At Monday night’s City and Borough of Juneau Assembly meeting, assembly members unanimously passed an ordinance to spend $700,000 to turn a city-owned warehouse near Thane Road into a ballot-counting center — a move that could pave the way for future vote-by-mail elections.
The assembly has been considering a plan to open a local ballot-counting center for the last several months, as members mull over the best way to conduct future municipal elections in the capital city.
According to materials shared before the meeting, the $700,000 approved to configure the Thane Warehouse and purchase the equipment needed to support a vote-by-mail election comes from the general fund.
According to CBJ City Manager Rorie Watt, about $330,000 of the money will go toward the renovation with the balance going to equipment expenses.
Officials expect the new ballot counting center to be complete in time to conduct the 2022 municipal election at the center.
Elections in Juneau
By city charter, CBJ holds a municipal election on the first Tuesday of October each year. This year’s election will take place on Oct. 5 and will be conducted primarily by mail, with two in-person voting opportunities.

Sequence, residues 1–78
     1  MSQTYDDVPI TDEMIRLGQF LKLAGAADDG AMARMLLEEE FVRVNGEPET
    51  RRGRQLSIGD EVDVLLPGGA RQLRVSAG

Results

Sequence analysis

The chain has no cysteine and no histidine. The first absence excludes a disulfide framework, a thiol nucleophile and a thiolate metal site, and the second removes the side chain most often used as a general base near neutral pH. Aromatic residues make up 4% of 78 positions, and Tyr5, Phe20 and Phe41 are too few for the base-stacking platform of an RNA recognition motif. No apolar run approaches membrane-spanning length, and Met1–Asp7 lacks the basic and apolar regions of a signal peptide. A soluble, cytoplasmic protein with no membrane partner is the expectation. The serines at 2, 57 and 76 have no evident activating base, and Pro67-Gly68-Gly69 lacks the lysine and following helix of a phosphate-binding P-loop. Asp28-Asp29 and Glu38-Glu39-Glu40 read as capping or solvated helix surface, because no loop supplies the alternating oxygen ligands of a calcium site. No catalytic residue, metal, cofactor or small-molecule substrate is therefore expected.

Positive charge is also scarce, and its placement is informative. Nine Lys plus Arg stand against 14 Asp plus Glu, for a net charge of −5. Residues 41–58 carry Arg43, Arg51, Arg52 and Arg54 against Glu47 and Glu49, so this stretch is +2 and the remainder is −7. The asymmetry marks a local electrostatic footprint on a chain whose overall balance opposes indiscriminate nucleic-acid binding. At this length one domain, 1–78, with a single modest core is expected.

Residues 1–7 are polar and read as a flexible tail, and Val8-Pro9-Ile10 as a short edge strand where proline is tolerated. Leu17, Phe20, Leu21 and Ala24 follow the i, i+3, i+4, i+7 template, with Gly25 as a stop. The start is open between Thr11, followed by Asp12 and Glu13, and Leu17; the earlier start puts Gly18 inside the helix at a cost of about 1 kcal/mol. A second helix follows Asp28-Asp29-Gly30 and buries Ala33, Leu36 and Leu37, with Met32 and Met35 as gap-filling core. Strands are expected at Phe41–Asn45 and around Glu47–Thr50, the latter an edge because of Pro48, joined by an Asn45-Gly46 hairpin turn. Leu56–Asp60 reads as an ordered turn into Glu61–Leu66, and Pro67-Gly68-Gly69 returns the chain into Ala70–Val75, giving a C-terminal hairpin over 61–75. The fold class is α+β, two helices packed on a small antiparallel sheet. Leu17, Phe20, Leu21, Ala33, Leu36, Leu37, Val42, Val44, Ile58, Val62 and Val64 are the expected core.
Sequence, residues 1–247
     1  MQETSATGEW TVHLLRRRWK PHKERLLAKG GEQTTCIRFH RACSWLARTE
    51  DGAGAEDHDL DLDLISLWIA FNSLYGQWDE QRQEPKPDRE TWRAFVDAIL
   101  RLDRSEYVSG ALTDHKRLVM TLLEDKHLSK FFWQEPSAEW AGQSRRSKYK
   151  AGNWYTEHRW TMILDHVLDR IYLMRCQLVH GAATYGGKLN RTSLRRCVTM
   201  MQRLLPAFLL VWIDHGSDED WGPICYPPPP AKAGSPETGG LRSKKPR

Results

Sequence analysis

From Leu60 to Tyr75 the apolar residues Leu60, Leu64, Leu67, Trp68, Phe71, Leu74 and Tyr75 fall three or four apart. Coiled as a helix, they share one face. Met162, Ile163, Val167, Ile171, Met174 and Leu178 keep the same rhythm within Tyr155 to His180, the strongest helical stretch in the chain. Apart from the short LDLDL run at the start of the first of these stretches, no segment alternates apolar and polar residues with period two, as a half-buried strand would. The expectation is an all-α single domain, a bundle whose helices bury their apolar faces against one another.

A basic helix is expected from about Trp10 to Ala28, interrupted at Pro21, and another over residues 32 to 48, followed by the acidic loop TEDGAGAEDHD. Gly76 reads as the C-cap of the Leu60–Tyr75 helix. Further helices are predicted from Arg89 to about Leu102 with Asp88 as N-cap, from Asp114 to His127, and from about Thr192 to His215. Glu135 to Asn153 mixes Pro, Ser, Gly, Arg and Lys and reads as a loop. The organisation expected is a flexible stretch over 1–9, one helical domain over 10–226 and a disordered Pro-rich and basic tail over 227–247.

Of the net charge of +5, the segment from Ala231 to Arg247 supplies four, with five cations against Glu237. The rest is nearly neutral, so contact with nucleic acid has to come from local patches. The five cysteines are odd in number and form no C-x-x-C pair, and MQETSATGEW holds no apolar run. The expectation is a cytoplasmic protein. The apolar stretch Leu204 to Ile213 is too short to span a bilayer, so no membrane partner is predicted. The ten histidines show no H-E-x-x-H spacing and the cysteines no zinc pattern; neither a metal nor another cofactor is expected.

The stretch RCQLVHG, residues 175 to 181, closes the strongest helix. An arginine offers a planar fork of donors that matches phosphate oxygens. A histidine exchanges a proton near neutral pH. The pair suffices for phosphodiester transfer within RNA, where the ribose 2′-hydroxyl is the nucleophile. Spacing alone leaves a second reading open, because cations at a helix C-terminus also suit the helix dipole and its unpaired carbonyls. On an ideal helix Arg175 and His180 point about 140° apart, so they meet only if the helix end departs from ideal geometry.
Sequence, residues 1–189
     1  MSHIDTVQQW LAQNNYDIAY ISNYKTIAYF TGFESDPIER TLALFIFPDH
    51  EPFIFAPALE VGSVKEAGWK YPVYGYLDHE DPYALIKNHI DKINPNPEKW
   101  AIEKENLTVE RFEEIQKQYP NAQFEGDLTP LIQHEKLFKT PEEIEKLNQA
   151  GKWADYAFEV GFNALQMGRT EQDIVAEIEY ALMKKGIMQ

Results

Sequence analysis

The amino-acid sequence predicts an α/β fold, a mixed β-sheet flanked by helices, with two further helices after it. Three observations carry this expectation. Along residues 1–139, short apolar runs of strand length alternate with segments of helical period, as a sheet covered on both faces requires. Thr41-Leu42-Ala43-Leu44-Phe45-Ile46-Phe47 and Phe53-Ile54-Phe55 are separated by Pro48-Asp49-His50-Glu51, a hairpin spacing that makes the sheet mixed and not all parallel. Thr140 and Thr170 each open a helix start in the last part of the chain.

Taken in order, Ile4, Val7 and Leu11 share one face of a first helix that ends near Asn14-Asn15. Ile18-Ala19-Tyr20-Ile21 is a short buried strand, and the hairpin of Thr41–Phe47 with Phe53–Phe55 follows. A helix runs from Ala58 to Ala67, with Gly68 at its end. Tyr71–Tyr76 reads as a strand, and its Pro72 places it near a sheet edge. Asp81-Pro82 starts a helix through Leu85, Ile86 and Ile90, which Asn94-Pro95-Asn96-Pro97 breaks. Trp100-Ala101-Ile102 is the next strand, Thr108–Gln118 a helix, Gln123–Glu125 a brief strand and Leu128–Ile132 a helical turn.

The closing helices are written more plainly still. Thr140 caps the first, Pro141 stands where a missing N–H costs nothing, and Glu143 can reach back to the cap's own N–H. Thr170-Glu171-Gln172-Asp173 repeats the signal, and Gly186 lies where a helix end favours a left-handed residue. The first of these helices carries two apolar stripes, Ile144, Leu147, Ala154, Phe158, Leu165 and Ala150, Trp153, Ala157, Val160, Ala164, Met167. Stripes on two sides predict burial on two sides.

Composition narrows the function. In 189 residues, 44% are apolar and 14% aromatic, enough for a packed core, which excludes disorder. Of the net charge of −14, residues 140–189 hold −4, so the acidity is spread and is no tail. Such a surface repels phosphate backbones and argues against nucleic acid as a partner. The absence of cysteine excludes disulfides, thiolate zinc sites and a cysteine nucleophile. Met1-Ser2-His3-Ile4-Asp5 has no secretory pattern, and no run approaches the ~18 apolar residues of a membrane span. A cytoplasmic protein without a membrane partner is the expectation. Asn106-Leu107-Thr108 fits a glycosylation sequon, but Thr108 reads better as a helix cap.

Elections officials are mailing ballots to all of Juneau’s registered voters on Sept. 14. Residents can drop their completed ballots off between Sept. 16 and Oct. 5.
City staff members will take the ballots to Anchorage for counting, as Juneau lacks the equipment needed to count mail-in ballots locally.
Before the assembly cast the vote to move forward with the center, Marjorie Menzi, a representative of the League of Women Voters, called in to encourage the assembly members to vote yes.
“The capital of Alaska needs to ensure that our elections continue to be well-run,” she said. “Providing adequate funding for our most fundamental right seems a reasonable expenditure of public dollars.”
During her comments, Menzi said that mail-in voting is a “secure and fraud-free method of voting” and pointed out that the city had already successfully completed a vote-by-mail election that resulted in strong voter participation.
In 2020, the pandemic led the assembly to decide on a by-mail election. City officials reported voter turnout was high compared to historical standards, with more than 40% of ballots coming back.
During a public hearing last month, residents expressed concern about the plan to build the center, citing rapidly changing technology and the building’s location, which is in an area that new city maps designate as an avalanche zone.
• Contact reporter Dana Zigmund at email@example.com or 907-308-4890.